Teachers are increasingly expected to be surrogate parents as the wellbeing agenda dominates. It doesn't take an education expert to work out that a happier or healthier child has a distinct advantage over less fortunate peers during exam time. But should schools be legally required to vet their lunchboxes (page 3)? No method for seeking out forbidden foods has yet been suggested, and it hasn't been decided whether they would be confiscated in the same way as mobile phones.
Teachers, particularly in primaries, have always looked after the welfare of their young pupils; it is very much part of the territory. Does anyone remember "magic yellow?" This was a cheap antiseptic fluid that was applied to the arms and legs of tearful children who had fallen over. Its healing powers became tenfold when teachers told children of its magical qualities. But the pastoral role of teachers has taken on a statutory meaning that goes beyond having a caring disposition.
Many primary schools now insist on morning snacks being healthy. The parent who ignores this "advice" could be subject to a quiet word, or the target of a slightly patronising letter reminding all parents to bring in fruit the following week. But the danger of this is that it can alienate parents.
Who can forget the parents who queued outside that school in Yorkshire armed with burgers and chips when the headteacher banned their children from going to takeaway outlets at lunchtime?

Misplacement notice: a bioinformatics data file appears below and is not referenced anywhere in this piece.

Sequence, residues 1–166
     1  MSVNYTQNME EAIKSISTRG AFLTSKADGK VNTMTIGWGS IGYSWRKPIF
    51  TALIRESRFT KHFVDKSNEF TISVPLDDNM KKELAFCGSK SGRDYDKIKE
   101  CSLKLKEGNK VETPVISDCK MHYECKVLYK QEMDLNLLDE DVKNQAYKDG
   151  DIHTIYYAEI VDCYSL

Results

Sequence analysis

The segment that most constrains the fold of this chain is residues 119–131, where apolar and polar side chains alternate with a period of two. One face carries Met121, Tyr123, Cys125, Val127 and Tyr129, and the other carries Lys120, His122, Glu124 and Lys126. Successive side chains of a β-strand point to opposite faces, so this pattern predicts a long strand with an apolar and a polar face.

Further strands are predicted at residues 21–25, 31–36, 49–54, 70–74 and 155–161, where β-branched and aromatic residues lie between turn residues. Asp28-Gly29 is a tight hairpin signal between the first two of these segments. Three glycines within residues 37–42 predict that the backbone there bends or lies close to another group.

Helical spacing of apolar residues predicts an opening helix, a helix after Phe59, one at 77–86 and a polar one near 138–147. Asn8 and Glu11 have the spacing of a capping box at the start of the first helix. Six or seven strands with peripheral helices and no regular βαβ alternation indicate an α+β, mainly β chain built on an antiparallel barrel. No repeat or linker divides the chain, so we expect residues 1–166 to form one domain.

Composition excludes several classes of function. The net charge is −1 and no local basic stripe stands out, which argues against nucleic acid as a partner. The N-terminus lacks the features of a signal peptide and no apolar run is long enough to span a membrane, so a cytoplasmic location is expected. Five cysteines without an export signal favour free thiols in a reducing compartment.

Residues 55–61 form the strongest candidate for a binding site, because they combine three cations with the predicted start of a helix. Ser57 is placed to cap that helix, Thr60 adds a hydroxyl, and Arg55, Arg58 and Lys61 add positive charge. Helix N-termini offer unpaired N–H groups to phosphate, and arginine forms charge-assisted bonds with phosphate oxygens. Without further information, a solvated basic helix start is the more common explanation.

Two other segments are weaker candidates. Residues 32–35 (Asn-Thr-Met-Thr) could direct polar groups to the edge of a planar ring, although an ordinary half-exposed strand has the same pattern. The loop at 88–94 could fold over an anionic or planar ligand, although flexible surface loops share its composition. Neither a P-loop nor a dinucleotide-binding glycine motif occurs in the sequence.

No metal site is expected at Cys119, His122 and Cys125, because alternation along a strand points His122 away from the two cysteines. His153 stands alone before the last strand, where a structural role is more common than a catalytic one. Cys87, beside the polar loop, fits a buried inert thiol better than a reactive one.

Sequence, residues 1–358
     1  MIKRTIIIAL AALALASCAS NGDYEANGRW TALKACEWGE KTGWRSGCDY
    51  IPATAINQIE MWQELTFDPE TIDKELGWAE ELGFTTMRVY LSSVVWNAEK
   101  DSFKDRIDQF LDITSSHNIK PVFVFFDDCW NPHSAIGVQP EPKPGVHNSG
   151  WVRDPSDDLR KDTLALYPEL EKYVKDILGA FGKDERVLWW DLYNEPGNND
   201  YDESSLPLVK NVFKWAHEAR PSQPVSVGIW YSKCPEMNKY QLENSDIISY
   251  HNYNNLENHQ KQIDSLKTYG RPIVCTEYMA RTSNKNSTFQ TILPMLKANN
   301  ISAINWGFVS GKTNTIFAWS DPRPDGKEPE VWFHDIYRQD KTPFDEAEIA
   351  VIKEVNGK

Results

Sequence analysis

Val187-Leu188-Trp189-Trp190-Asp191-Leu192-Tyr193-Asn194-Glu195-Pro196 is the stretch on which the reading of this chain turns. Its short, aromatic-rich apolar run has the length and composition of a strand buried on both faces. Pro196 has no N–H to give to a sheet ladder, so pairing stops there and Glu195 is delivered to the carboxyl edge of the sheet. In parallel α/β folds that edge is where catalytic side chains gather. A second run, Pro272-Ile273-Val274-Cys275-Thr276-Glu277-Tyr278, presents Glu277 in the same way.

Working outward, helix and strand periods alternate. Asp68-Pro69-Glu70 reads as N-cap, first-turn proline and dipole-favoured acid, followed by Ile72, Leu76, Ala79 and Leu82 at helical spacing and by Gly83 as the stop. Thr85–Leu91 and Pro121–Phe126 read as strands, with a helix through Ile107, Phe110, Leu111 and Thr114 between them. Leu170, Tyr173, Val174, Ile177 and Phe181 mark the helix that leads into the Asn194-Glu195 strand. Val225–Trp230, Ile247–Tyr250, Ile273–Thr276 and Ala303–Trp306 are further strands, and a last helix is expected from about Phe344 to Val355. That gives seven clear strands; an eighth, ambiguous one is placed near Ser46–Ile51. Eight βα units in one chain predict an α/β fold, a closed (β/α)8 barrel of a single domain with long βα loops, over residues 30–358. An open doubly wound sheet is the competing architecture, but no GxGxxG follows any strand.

Just look at the outcry this week following calls by Professor Terence Stephenson, president of the Royal College of Paediatrics and Child Health, who wants to ban adults from smoking in cars where under-16s are travelling. I'm sure not many parents would dream of lighting up with a baby in tow, but there are always those who will.
And who are we trying to protect here? It is precisely the welfare of children, who may have little choice other than to sit in a smoke-filled car, that this ban would try to address. Lunchboxes would be vetted with good intentions, but the fallout cannot be predicted.
Teachers can only go so far in protecting children from society's ills. If parents are failing their children and blunders are made by social workers, teachers could be a powerful ally in the fight against physical and mental abuse, which holds back children from doing well at school. But how far is that practical?
Teachers are only in control of children between 9am and 3.30pm. After that, parents take over, and are free to decide whether to take their child to the sweet shop. Teachers have to strike up good relationships with them, as parents have their child's success or failure in their hands at home.
It seems diplomacy, the subtle form of persuasion that teachers have always been good at, is a better tactic in fighting parental ills than law enforcement.
Nicola Porter, Editor, TES Cymru E: firstname.lastname@example.org.